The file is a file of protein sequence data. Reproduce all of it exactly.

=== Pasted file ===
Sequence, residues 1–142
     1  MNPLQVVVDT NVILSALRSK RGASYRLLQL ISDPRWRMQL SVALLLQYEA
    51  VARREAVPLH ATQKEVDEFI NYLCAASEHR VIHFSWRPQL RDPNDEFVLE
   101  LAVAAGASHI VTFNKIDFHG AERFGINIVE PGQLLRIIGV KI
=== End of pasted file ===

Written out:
Sequence, residues 1–142
     1  MNPLQVVVDT NVILSALRSK RGASYRLLQL ISDPRWRMQL SVALLLQYEA
    51  VARREAVPLH ATQKEVDEFI NYLCAASEHR VIHFSWRPQL RDPNDEFVLE
   101  LAVAAGASHI VTFNKIDFHG AERFGINIVE PGQLLRIIGV KI